I've never paddled one of these flat-bottomed canoes. How does it compare it to soloing a good round-bilged boat? How much rocker did you put in? When you say stability is good, I assume you mean initial stability. Did you test for the "point of no return"? What's the weight? What are your plans for the plans?

Wild Dingo
12-16-2002, 10:40 PM
What they said!! How I missed it I dont know!!

I reckon one of the greatest things about this forum is the yarns from around the world... Bonzer! :cool:

Take it easy

Dave Hadfield
12-17-2002, 11:10 AM
Bruce, I gave it enough rocker so that myself and 30lbs or so of gear (or 2 youngish teens on their own) would weigh the stems down to about a half-inch above the water line. This is a considerable amount, so that flat-water straight line paddling requires a bit more of a J stroke than a regular canoe. But not too too much. For lake paddling I'd give it a keel.

Its initial stability is indeed high, but its secondary stability is still reasonable. I paddled it heeled most of the day. I tried really heeling it over and its over-and-gone point was at a pretty severe angle.

I used a portable bench-seat, so that I could move forward and unweight the stern when wigggling through the rapids. And because you can make one in minutes.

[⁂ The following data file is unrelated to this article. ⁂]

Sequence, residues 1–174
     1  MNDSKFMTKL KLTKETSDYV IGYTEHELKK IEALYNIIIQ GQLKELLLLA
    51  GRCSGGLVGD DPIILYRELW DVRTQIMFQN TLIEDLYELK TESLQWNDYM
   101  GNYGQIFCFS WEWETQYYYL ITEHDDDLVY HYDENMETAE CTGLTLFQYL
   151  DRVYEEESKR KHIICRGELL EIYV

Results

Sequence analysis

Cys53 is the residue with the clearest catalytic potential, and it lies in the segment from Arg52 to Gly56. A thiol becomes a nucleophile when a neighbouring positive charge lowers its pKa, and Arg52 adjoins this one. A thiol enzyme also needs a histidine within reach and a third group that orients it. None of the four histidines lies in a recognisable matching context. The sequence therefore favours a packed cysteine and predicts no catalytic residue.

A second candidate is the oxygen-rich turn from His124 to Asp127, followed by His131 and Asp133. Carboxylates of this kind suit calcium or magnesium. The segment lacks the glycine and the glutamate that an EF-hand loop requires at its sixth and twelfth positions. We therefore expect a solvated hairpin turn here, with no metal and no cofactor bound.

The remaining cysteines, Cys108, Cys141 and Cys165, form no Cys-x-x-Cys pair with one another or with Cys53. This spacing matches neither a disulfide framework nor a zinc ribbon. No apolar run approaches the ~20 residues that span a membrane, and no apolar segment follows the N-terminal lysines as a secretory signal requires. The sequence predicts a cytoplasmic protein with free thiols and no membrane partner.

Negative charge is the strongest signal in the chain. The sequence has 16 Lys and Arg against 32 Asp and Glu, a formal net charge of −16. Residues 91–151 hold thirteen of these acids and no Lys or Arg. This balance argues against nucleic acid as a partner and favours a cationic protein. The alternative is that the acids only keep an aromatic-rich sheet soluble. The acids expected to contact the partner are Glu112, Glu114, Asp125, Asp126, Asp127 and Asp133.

Yes, you could pole in it. I was thinking of that while on the river. I did spend a fair amount of time up on my knees looking forward, sorting out a route. It's initial stability is high enough that you could even stand to do it, but frankly that technique would work better in a canoe 2ft longer, and building at that length involves much more work. This boat is built to common lumber dimensions.

Its weight is a bit high -- 63 lbs. Using these mahogany-like plywoods results in a heavier boat, period. But this stuff was nice to work with. The scarf joint was a pleasure to make. As I said, it was a 4ply 1/4" Brazilian product sold as underlayment, quite different from their regular, low-grade stuff. Still, it's well within an acceptable weight range for portaging and car-topping.

As for plans Bruce, I hadn't thought about it. You're busy with your new project, I think, but if you want to put one of these together I'll just send you the offsets. I'd be curious to find out what you think of it.

I'll tweak the sheer-line. For some reason I ended up with less than the plyboats sketch promised. Needs an inch or 2 more at the ends.

Bruce Taylor
12-17-2002, 12:21 PM
Thanks for the answers, Dave. It sounds like a great little river boat. I'm quite interested in seeing the offsets. When I'm finished with my current project --that camping boat, now named "Blackfly" -- I might take you up on your offer.